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There are two mindsets a person can have at the end of a year: you can reflect back on the events that have passed, or you can look ahead to a new year and new start. For the InstaMed Security Corner, we’ve done both. If you want to reflect on 2016, check out our Security Year in Review. If you’re eager for a fresh start in 2017, here’s a list of New Year’s resolutions for healthcare payment security.

Lose Weight

Every year, “lose weight” is usually the number one New Year’s resolution. Seeing an opportunity for a fresh start, many of us vow to shed some extra pounds to get healthy and happy. Why not apply the same goal to security at your organization? “Lose weight” by removing unnecessary data from your network. The less data you store, the less information that is vulnerable to security breaches and theft, improving the overall health of your systems. Before you begin on your 2017 data cleanse, make sure you are following data disposal best practices.

Much like those stubborn love handles, you will have some data that you cannot lose. Make sure you control or restrict access to this data. You should also make sure you are following your organization’s data retention policy.

Get Organized

To get organized in your personal life, you might download an app that helps you keep track of your tasks. Personally, I love Google Keep. When it comes to security, a great way to get organized for 2017 is to change your passwords. As a rule, you should update passwords every 90 days as required by the PCI Council to reduce the probability that someone will be able to guess it or protect your systems from someone who was able to get a hand on one of your older passwords. For the same reasons, you should use different passwords across websites. This is a resolution you can apply to your personal life as well. Update and differentiate your passwords for your social media accounts, emails, bank accounts, etc.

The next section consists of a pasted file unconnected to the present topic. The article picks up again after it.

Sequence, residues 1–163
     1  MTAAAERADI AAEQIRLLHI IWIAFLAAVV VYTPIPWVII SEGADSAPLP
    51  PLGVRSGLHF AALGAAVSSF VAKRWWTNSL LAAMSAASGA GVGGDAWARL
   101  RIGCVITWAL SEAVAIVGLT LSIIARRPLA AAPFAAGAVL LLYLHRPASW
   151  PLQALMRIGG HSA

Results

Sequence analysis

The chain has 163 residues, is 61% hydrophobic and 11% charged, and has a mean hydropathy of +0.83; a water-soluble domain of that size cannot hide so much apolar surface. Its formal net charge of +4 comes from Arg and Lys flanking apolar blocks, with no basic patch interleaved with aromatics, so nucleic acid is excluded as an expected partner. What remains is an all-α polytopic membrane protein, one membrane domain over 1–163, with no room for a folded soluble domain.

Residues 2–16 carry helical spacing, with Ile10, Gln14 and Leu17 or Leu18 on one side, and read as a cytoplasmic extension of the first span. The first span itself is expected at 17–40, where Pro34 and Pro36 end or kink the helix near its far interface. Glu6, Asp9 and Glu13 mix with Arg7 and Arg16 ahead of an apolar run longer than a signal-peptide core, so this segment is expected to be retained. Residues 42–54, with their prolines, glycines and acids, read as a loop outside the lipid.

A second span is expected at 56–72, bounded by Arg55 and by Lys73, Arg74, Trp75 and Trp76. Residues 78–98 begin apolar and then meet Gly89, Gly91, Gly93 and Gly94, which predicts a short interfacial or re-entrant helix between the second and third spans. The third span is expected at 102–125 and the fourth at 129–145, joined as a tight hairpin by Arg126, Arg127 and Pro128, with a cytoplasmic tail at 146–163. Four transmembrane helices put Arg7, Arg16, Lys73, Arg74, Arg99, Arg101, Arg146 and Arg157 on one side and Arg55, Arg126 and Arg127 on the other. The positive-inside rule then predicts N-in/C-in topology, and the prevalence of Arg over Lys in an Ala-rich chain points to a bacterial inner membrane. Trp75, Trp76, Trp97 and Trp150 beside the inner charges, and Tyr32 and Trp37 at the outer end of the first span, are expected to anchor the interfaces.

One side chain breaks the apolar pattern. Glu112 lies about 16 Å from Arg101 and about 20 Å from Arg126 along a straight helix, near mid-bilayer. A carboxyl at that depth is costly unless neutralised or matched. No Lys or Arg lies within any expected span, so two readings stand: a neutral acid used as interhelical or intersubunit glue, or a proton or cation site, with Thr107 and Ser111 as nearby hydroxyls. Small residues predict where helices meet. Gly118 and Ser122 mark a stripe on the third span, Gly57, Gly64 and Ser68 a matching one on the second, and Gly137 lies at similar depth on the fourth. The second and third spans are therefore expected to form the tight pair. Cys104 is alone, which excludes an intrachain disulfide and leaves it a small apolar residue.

At the start of every new year, I check the batteries in the smoke detectors in my home and review the emergency escape route with my family. If you don’t do this yourself, I definitely recommend it. You can also resolve to do the same at your healthcare organization. Review and test your disaster recovery and business continuity plans so you and your staff are prepared for anything.

Learn a New Hobby

Ever since I graduated from law school, I’ve been looking for ways to continue my education, in a variety categories. A few years ago, I resolved to read at least one book a month. I’m happy to say this was a successful resolution and I’ve read a lot of interesting books over the years. If you’re thinking of making a similar resolution in 2017, here are a few of my favorites to get you started: The Black Swan: Second Edition: The Impact of the Highly Improbable, Thinking Fast and Slow and Before The Fall.

It’s always good to try something new. Try something new in your healthcare payments process, too. If you were looking into researching some new payment technology in 2016, but never got around to it, 2017 is your opportunity to try again. If you need a good place to start, why don’t you learn about ways digital wallets, tokenization and Apple pay can benefit healthcare organizations?

Spend More Time With Family and Friends

Hopefully this is on your list of resolutions for 2017 (if you want it to be). Resolve to spend more time with your healthcare payment security family, too. Retrain staff on ways to secure and protect patient and payment data. Remind them to update their work passwords, install system updates and always be on the lookout for suspicious emails from unknown senders.

Enjoy Life to the Fullest

For me, this means making time to read, watching Green Bay Packers football and eating out at my favorite restaurants. For healthcare payment security, it means making sure your security software is up-to-date and functioning properly, so you and your staff can focus on administering healthcare to your patients. Always review your system alerts to make sure you aren’t seeing alert fatigue and that you are paying attention to the right kind of alerts. If you see any red flags, contact support immediately to resolve any potential issues.

Read More

Resolve to make 2017 the year of learning about payment security in healthcare! We have plenty of great resources to help you get started. Check out the links below and get reading!

Security vs. Encryption and What Do All Those Acronyms Mean?

EMV: Chipping Away at Fraud One Year After the Liability Shift

What is Tokenization and Why Should Providers Care?

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